Debt Consolidation Scam or Legit Business?
UPDATE: 9/10/2018 – CONCOURSE LENDING
It seems the Indian Wars are from over. MHA Nation of North Dakota has declared a debt war on the American consumer – they are doing it from Fargo and Bismarck, North Dakota through a tribally-owned business and they seem to be winning. You must be asking yourself if this a joke? We want to know – is it a debt consolidation scam? The MHA Nation is not your everyday struggling Native American tribe. They have collected well over $1 billion in oil revenue since 2008.Click for Top 6 Debt Consolidation Reviews of 2018
Have you ever received a piece of direct mail telling you that you have been pre-qualified for a $35,000 loan at 3% to 6% interest rate? If your credit is lousy and you can find your mailbox, my guess is yes. You think it may be a debt consolidation scam but how can you be sure? You call up an 800 number and you are told after a few conversations that you “won’t qualify for a loan but you will referred to an outside attorney who can settle your debts – for an extra fee of course. You are confused. You need cash but you don’t know what to do. It’s a situation many Americans find themselves in today. In this low interest rate environment with online lenders clawing for market share, you can’t help feel like they will lend money to almost anyone, even if your credit is in the toilet.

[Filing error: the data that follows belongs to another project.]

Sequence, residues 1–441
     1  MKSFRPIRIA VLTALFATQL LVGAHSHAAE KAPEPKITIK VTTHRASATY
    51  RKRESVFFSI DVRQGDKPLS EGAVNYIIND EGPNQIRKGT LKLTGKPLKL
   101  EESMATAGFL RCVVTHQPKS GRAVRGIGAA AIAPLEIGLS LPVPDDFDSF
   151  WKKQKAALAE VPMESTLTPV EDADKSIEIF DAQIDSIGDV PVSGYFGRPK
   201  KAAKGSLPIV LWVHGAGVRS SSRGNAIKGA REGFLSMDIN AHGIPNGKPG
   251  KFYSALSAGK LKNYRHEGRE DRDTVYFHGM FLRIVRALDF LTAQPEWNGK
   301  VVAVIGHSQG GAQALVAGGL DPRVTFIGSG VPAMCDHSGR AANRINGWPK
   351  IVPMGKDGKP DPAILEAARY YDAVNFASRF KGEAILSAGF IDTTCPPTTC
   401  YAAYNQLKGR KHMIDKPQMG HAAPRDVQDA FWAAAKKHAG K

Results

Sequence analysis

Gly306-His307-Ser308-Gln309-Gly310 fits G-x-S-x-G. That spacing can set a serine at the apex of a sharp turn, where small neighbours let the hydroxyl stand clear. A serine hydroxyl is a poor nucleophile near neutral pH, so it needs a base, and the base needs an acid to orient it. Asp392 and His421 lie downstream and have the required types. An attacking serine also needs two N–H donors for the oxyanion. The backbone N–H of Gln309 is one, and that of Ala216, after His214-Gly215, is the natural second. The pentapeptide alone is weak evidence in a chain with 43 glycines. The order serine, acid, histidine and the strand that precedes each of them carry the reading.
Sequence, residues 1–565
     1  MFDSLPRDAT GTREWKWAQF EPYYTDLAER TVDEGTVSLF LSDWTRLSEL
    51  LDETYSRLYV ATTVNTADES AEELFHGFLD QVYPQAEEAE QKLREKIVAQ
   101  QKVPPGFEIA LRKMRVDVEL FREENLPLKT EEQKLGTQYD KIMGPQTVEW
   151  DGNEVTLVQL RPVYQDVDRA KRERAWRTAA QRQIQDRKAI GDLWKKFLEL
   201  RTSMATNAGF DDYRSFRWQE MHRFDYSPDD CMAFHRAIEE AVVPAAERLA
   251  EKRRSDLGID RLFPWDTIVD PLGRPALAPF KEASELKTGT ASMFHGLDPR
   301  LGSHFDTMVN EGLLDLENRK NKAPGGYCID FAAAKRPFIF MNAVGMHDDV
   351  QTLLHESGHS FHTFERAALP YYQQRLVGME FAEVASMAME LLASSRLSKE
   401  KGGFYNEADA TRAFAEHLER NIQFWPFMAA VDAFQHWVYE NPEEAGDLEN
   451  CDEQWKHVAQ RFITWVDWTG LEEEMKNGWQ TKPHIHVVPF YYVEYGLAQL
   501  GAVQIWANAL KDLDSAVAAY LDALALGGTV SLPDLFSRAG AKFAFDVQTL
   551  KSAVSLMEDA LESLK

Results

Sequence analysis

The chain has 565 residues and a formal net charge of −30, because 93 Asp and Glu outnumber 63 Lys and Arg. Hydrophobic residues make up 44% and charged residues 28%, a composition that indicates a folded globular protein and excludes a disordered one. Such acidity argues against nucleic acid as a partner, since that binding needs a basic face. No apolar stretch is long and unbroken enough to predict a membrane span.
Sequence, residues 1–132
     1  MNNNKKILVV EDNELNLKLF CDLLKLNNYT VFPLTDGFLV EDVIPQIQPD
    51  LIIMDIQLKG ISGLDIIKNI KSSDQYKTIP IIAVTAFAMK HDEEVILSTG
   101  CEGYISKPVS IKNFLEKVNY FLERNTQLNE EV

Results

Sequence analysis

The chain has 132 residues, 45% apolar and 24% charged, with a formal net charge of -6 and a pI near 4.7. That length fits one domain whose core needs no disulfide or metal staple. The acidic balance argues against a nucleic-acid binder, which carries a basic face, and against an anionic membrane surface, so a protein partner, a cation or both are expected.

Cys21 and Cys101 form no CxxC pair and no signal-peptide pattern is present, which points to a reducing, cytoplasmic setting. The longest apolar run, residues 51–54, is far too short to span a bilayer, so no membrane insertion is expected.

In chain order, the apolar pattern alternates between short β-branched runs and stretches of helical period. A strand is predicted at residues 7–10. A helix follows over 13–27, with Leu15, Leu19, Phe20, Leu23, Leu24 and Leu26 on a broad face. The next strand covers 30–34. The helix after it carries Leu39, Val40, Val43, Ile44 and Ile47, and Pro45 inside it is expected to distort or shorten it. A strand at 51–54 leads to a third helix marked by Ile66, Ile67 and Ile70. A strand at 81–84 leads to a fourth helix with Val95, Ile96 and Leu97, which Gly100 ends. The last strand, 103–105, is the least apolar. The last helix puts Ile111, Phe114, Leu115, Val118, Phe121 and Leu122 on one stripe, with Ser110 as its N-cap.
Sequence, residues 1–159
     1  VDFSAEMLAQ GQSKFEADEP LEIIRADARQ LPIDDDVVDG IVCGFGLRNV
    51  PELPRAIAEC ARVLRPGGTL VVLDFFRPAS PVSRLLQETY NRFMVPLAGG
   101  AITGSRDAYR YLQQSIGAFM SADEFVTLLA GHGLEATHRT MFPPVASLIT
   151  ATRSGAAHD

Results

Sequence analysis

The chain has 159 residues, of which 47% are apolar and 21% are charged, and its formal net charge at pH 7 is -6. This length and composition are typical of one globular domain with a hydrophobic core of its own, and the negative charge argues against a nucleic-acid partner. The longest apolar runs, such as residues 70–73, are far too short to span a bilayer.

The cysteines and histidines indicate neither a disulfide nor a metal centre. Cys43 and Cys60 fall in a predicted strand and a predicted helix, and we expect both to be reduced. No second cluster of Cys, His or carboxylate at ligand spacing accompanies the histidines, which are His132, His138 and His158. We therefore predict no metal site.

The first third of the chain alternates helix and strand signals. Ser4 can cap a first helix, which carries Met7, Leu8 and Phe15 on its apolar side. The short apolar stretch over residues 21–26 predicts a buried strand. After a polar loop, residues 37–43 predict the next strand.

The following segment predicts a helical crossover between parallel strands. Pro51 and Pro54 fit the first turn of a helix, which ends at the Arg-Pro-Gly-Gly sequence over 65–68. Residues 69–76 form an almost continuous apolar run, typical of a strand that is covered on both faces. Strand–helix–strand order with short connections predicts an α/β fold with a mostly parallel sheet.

Since around 2013, MEC Distribution, a North Dakota entity that lists its Country of Origin as Affiliated Tribes, has operated at least 14 websites that have engaged in this type of business model. On their annual report filed with the North Dakota Secretary of State, they list their business activity as “financial consulting and marketing services.” Now we don’t know exactly what’s going on over there, but when there is smoke, there is usually fire. It is possible that the tribal council are great guys and they got into business with the wrong kind of people. We don’t have all the facts yet.
They spend a small fortune on debt consolidation direct mail campaigns and internet ads targeting sub-prime credit borrowers under at least 14 different trade names:
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Update 6/17/18: Tweed Lending